Gonzalo Bearman, chair of the Division of Infectious Diseases at Virginia Commonwealth University School of Medicine, offers tips on how to prevent getting the flu and making a proper diagnosis.

At the peak of a peculiar flu season, VCU Health expert says basic principles still apply

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With the exception of Hawaii, the Centers for Disease Control and Prevention is reporting that this year’s flu season has been widespread throughout the U.S., in its reach and its effect on susceptible populations. Media reports have highlighted a surprising number of pediatric deaths caused by flu, including at least one in Virginia. Influenza, more commonly called flu, is a highly contagious viral infection of the respiratory passages causing fever and severe aching, among other discomforts.

“This strain of flu, H3N2, has in the past been problematic, but it can still be treated and managed,” said Gonzalo Bearman, M.D., chair of the Division of Infectious Diseases at Virginia Commonwealth University School of Medicine and hospital epidemiologist at VCU Medical Center.

During the 2014-2015 flu season, H3N2 was also the dominant strain of the ailment and caused similarly high hospitalizations and deaths rates. Flu season begins in October, and usually peaks between December and January, ending around March. However, the CDC recently reported this flu season could be prolonged. In the thick of current concerns about flu, Bearman offers tips on prevention and making a proper diagnosis.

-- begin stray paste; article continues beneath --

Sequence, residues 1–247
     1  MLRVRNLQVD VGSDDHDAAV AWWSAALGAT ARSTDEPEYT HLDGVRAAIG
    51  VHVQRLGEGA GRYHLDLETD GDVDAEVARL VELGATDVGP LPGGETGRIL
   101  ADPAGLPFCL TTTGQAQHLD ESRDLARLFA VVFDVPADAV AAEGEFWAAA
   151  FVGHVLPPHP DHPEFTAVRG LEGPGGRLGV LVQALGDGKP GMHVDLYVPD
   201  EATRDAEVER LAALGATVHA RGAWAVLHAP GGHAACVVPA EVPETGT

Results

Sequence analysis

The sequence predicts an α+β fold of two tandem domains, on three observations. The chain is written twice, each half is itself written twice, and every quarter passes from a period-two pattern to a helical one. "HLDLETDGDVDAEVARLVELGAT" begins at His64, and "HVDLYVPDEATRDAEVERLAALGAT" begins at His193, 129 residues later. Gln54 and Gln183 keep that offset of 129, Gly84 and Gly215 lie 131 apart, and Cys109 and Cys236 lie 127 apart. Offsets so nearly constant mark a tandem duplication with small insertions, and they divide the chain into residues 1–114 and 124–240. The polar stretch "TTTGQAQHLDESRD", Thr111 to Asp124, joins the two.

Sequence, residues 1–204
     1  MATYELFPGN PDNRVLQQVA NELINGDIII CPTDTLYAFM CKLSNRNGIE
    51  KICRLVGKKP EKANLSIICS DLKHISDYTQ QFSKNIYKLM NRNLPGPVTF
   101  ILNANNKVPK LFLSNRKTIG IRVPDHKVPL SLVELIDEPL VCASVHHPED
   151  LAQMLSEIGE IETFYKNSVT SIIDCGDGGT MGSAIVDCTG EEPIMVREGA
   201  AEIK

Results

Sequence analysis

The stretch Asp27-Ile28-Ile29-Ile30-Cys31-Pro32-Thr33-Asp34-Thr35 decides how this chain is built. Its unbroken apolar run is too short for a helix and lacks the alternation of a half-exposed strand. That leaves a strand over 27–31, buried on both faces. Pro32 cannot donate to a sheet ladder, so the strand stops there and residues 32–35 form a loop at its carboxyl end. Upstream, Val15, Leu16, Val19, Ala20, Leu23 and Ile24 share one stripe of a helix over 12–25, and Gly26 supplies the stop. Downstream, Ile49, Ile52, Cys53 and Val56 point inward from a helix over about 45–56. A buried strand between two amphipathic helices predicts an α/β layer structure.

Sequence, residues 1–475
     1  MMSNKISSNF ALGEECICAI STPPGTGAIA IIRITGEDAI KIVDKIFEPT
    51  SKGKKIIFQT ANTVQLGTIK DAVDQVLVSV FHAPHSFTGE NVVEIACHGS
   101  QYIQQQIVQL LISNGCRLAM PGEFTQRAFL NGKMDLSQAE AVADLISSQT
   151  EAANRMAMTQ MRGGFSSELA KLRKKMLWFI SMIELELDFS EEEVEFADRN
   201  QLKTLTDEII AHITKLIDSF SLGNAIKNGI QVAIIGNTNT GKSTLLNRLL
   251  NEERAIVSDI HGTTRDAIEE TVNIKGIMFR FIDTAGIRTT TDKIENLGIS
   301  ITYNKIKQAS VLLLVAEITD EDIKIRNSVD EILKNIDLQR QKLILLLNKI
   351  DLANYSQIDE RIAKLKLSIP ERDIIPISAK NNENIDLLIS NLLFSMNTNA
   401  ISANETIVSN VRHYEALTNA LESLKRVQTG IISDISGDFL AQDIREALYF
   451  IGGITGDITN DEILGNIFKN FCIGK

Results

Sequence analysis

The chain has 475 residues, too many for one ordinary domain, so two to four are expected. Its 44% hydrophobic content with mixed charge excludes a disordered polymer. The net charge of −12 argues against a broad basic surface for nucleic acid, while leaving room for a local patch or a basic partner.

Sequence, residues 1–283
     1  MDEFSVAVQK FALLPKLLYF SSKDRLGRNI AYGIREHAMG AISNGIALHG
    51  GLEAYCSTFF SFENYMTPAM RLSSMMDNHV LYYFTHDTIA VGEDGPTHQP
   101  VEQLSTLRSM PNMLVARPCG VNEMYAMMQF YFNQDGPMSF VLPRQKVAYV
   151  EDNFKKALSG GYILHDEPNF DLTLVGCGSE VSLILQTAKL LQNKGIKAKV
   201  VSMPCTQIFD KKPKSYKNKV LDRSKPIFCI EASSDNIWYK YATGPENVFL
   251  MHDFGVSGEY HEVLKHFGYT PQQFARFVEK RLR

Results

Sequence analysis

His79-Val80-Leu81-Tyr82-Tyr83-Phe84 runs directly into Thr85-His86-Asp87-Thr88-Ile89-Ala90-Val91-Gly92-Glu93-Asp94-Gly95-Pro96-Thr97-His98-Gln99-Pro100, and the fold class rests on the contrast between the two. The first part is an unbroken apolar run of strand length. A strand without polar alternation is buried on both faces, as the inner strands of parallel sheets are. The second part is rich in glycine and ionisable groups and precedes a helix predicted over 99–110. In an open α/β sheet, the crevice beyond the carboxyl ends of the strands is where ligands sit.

Gonzalo Bearman, M.D.
Gonzalo Bearman, M.D.

Are there any specific contributing factors that make this flu season particularly troublesome?

The current strain of flu is not more severe. There is simply high activity and poor match with the current vaccine. Also, there is a looming shortage of oseltamivir [Tamiflu], the medication to treat influenza.

It’s been reported that this year’s vaccine is only about 30 percent effective against this strain of flu. Is it too late in the season to get a flu shot and be protected?

It isn’t too late. A flu shot is always a primary way to stay protected against flu, during flu season and beyond. You will do much better overall getting a flu shot as opposed to not getting one. Even if the vaccine is not 100 percent effective preventing infection, it can make the illness less severe.

What is it about how influenza attacks the body that makes it potentially deadly?

Influenza can progress to influenza pneumonia, which leads to infection or inflammation of the lungs. It also predisposes a patient to bacterial pneumonia, an infection of the lungs, typically one to two weeks following the flu.

What are the practical ways to avoid contracting flu?

Respiratory and cough etiquette, as well as good hand hygiene, are critical. If you are sick with a flulike illness, the CDC recommends that you stay home for at least 24 hours after your fever is gone except to get medical care or for other necessities.

What are the marked differentiating factors between a cold and the flu?

Influenza is more severe than the common cold, which is usually limited to congestion, sore throat and mild fever. The flu is exhibited by high fevers, congestion, body and muscle aches and can progress to pneumonia. If you’re experiencing the latter, you should see a physician. 

What can someone living with a person experiencing the flu do to avoid contracting it themselves? 

Caretakers and family of those who’re ill should also practice respiratory and cough etiquette and practice good hand hygiene.

What do you find are the most useful practices people forget about when it comes to protecting themselves against flu? 

Inadequate rest, poor hand hygiene and not getting vaccinated are simple things people neglect that can lead to contracting influenza.